What Matters On Sukkot

The Talmud has some advice: “A disciple of the wise may not live in a city which lacks one of the following ten things: a court, a charity-treasury with two collectors and three distributors, a synagogue, a public bathhouse, sanitary services, a physician, an artisan, a barber, a butcher, and a teacher of the young” (Sanhedrin 17b).

If you ask your child or your friend “what can you not live without?” after they realize that “iPod,” “TV,” “computer” and “cellphone” are actually inadequate answers, they might come close to the list the Rabbis compiled 2,000 years ago.

The tricky thing about technology is that we come to think of it not as artificial but natural. The elevator coming when we press the button seems as certain as the sun rising — and almost as surprising when it fails. But the holiday of sukkot, when we dwell in artificial and temporary huts, reminds us what is real and what ultimately sustains us. Sitting in the sukkah, surrounded by food, learning, community and a view of the heavens is an important corrective to the gilded boxes in which we spend most of our lives. Justice, charity, community, medicine, education and reverence — these are the things human beings cannot live without, then and now.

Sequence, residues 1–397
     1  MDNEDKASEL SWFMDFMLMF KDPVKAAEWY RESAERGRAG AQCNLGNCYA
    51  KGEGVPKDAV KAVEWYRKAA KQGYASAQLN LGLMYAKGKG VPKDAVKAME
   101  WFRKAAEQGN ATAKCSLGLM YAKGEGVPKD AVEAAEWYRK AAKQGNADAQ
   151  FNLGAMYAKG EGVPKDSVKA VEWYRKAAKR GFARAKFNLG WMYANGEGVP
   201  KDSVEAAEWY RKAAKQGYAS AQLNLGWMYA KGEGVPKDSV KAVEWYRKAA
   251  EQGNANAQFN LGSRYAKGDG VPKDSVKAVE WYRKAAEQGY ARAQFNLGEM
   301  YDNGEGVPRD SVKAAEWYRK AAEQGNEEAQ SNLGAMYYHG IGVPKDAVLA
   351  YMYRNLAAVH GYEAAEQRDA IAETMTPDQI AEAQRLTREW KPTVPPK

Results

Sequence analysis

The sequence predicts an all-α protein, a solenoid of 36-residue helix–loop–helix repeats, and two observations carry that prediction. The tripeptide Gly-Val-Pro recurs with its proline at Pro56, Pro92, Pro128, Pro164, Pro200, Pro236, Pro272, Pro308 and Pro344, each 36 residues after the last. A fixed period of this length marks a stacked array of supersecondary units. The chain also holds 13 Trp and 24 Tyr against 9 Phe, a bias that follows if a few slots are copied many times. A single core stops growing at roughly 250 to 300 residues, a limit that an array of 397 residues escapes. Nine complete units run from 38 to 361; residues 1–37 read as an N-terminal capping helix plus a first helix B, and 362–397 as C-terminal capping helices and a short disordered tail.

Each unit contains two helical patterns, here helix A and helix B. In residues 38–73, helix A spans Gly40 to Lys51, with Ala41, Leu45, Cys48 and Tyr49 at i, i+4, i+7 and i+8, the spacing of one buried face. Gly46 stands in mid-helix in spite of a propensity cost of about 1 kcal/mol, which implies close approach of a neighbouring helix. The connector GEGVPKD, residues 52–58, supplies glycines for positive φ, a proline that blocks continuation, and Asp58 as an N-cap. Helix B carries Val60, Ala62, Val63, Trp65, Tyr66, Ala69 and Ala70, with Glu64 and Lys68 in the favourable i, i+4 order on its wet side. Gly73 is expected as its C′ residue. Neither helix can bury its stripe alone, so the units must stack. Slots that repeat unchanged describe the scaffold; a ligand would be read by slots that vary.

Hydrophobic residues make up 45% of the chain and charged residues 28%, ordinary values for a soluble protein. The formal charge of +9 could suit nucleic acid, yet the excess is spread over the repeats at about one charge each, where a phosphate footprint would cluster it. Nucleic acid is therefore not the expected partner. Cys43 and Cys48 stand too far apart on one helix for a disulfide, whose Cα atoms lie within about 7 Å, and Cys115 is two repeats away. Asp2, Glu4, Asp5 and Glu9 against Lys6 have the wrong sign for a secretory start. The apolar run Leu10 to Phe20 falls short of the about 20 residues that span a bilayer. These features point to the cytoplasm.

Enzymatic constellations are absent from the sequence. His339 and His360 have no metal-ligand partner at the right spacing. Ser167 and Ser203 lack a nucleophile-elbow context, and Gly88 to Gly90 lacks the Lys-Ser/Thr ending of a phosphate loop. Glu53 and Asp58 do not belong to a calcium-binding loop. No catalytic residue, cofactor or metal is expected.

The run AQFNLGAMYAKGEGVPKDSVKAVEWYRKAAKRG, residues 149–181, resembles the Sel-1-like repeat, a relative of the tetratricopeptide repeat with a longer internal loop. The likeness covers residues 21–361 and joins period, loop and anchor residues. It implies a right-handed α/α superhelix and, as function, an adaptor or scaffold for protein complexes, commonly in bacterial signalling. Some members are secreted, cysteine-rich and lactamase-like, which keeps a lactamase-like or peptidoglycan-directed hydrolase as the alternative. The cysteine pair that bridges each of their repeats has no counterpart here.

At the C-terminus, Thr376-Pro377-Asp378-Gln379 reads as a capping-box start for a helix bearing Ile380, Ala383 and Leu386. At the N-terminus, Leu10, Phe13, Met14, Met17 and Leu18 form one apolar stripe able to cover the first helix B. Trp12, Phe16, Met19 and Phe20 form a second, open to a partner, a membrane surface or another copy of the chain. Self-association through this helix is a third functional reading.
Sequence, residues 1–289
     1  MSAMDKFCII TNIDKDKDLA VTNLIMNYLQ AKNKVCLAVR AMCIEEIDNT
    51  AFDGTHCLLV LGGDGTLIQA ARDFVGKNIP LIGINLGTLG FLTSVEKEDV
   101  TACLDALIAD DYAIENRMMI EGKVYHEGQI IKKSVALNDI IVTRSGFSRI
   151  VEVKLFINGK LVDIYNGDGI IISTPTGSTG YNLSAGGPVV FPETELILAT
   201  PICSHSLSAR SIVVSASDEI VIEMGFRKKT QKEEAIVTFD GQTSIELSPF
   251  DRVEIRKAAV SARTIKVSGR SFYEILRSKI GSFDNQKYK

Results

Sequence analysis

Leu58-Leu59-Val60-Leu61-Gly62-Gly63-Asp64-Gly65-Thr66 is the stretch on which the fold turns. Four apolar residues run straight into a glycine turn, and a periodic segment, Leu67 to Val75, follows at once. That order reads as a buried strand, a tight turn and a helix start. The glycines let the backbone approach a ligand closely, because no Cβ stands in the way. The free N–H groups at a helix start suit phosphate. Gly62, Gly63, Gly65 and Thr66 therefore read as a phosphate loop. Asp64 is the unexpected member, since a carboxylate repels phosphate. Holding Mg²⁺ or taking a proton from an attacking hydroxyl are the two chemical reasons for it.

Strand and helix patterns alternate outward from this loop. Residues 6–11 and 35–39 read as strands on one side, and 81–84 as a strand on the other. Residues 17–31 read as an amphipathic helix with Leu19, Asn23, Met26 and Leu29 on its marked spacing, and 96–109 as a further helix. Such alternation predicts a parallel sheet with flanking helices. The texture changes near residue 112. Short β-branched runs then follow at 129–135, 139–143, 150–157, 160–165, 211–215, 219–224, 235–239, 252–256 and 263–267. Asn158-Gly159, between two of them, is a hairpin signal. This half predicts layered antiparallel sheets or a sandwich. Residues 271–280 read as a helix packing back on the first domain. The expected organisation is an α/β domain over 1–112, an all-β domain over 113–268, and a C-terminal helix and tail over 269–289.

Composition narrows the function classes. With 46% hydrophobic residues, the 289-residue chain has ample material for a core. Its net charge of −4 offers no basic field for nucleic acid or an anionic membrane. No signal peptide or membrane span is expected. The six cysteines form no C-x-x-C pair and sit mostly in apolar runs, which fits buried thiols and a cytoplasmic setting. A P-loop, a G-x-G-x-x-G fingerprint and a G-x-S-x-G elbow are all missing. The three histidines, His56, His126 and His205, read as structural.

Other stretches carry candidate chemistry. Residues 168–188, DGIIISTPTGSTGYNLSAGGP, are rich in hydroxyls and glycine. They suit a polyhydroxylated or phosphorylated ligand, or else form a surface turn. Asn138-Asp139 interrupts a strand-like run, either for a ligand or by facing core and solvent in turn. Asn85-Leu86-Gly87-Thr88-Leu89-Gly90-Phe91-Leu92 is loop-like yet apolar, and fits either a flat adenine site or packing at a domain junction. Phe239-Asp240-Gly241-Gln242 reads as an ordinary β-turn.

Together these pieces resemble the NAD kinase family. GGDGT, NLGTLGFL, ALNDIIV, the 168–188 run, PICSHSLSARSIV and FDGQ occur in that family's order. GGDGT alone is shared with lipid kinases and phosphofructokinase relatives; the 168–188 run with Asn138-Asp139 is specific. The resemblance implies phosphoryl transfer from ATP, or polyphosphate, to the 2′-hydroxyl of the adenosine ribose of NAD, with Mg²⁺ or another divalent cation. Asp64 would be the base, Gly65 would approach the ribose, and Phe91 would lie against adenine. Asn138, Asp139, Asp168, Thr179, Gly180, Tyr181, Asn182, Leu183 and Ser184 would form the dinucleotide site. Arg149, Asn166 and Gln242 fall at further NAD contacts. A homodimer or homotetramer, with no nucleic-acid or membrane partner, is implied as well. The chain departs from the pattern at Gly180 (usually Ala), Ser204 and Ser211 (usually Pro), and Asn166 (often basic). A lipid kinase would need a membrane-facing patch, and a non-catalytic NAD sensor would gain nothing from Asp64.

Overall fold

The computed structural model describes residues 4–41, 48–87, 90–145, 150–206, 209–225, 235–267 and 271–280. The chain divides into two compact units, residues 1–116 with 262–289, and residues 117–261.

Rabbi David Wolpe is spiritual leader of Sinai Temple in Los Angeles. His latest book is “Why Faith Matters” (HarperOne).

About the Author
Named the most influential Rabbi in America by Newsweek Magazine and one of the 50 most influential Jews in the world by the Jerusalem Post, David Wolpe is the Rabbi of Sinai Temple in Los Angeles, California.